Nguni project opens opportunities for rural communal farmers

5shares Share0 Tweet0 Share0 Print0 Email5A farmer development project involving collaboration between universities, the department of agriculture and the Industrial Development Corporation (IDC) is starting to prove successful for emerging cattle farmers in seven provinces.   Launched seven years ago, the Nguni Cattle Development Project involves the establishment of registered Nguni cattle herds in communal […]

A farmer development project involving collaboration between universities, the department of agriculture and the Industrial Development Corporation (IDC) is starting to prove successful for emerging cattle farmers in seven provinces.

 

Launched seven years ago, the Nguni Cattle Development Project involves the establishment of registered Nguni cattle herds in communal villages over a period of five years. It is currently running in Mpumalanga, Limpopo, North West, Free State, Eastern Cape, Northern Cape and KwaZulu-Natal.

In each province, the department of agriculture is partnered with a university, namely the University of Fort Hare (Eastern Cape), the University of Limpopo (Limpopo and Mpumalanga), the University of the Free State (Free State and Northern Cape), the University of Zululand (KwaZulu-Natal) and North West University (North West).

According to the IDC’s Tommy Mohajane, the universities are responsible for providing management and technical support to farmers, as well as handling the administrative work. To qualify for the project, farmers must have sufficient land to accommodate cattle numbers at recommended rates, explained Mohajane.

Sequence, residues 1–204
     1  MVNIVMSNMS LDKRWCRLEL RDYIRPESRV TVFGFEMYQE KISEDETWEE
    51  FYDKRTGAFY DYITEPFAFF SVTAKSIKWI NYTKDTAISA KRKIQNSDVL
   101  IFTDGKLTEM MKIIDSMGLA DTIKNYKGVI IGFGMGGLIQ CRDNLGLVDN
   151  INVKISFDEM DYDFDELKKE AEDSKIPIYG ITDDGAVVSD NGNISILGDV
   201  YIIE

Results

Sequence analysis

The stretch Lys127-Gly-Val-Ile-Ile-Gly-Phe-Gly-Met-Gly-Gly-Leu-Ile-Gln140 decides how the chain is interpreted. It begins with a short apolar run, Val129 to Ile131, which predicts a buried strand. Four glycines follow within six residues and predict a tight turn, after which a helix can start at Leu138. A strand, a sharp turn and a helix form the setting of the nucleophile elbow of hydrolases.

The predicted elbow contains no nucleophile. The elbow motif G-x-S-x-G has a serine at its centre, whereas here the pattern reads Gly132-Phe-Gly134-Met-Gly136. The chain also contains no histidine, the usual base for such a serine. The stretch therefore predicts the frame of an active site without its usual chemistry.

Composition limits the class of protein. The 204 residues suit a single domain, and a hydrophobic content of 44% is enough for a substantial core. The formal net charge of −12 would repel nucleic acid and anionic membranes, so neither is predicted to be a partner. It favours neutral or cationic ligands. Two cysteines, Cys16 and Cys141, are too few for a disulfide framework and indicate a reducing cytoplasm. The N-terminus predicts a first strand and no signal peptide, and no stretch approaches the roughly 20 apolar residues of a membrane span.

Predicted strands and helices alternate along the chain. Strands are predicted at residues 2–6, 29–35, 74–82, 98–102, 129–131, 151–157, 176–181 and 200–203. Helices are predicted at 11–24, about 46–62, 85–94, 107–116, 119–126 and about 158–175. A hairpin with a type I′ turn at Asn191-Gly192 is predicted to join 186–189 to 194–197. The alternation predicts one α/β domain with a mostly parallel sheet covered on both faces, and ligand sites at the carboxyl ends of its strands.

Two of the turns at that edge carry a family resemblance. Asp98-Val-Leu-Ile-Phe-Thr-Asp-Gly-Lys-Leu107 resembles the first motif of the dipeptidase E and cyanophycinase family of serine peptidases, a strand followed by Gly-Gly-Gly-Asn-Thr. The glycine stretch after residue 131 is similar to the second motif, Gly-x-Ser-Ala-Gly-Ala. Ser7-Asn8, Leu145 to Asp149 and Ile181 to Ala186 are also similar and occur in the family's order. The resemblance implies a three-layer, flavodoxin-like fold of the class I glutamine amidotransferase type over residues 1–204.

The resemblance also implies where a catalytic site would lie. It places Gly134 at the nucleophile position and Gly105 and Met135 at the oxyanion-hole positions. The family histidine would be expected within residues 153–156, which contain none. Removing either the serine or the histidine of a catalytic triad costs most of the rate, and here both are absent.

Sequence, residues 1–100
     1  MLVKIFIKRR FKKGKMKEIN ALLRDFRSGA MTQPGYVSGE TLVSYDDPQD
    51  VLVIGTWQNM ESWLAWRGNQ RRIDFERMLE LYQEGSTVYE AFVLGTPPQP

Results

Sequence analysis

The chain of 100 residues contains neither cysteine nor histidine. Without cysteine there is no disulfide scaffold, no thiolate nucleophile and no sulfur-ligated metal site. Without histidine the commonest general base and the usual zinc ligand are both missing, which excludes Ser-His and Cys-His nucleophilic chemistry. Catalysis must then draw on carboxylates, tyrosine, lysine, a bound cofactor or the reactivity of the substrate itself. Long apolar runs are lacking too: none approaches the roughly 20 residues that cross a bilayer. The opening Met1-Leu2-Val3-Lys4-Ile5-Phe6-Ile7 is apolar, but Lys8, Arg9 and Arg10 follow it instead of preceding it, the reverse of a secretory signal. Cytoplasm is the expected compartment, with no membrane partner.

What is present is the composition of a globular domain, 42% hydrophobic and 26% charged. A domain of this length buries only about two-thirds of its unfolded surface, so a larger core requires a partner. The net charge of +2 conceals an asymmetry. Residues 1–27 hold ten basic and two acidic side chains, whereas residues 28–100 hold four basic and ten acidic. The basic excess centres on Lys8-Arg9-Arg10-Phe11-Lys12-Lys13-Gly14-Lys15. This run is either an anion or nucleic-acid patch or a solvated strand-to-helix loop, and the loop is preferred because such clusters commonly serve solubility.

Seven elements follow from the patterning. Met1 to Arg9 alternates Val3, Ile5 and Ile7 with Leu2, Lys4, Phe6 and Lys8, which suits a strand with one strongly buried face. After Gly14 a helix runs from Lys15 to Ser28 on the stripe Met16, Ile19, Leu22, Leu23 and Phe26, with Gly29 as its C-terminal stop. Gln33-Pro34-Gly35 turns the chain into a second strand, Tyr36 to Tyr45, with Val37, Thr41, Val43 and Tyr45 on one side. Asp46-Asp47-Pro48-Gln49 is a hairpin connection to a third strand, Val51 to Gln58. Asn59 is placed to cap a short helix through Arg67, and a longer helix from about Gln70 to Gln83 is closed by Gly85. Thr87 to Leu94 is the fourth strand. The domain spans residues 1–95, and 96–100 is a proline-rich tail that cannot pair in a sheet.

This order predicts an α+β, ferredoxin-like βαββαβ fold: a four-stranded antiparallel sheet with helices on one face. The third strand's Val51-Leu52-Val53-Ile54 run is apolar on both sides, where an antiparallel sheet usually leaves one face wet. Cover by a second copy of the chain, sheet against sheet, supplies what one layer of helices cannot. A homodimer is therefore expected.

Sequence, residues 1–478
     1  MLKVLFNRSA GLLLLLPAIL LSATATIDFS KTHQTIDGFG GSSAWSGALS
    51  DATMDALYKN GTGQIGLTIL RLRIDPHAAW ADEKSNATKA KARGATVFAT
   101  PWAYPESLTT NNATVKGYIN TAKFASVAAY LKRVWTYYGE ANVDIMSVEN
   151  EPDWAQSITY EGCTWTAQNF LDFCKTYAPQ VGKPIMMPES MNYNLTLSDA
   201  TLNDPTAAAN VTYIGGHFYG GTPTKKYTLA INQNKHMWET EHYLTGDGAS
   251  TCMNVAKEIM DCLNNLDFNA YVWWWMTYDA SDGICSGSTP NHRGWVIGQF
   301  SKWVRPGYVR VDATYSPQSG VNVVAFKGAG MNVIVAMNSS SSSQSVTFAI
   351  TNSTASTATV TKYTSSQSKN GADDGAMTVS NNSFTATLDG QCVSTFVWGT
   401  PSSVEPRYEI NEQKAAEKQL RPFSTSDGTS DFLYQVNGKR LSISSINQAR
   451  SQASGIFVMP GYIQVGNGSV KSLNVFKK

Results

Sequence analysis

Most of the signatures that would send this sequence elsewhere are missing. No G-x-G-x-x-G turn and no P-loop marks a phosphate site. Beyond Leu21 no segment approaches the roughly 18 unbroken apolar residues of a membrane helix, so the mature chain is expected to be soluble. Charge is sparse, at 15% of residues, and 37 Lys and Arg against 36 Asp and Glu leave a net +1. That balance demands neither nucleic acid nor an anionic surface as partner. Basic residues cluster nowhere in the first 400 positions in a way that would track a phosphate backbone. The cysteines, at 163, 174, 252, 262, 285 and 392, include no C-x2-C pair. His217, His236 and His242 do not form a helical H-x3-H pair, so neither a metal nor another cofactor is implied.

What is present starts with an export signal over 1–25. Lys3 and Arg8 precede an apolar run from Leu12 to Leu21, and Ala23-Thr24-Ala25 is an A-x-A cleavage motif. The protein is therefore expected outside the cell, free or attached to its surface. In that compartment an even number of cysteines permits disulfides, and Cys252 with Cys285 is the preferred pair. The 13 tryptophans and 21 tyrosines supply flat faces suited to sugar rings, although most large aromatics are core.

Applicants must also be in possession of certified proof indicating ownership, lease-right or use-right of the land. “Leases should be of no less than five years,” said Mohajane. In addition, farmers must adhere to the project’s rules, which include ensuring that livestock is managed in a controlled environment and supervised daily.

After five years, the beneficiary must return the cattle loan to the project’s herd. Cedric Mojapelo, Limpopo’s project manager, said the project was launched there in 2006, and implemented in 2007. “We have 38 sites in different districts,” he added, noting that beneficiaries are individuals, community trusts and co-operatives.

In the first year, the project gave 20 Nguni cows and a bull to each beneficiary, he explained, adding that the amount of cattle given out on loan has since increased to 30 cows and a bull. The Limpopo project managed to build a total herd of 4 400 cattle of which 2 800 cows and calves have been loaned out. To date, the procurement of animals in Limpopo has cost more than R13,7 million, he added.

Andrew Mathe, North West project leader, said the province has 43 sites already. The project has distributed about 989 heifers and 43 bulls to beneficiaries since its inception and the procurement cost has been more than R11 million. The combined herd established at all sites is about 2 840, he added.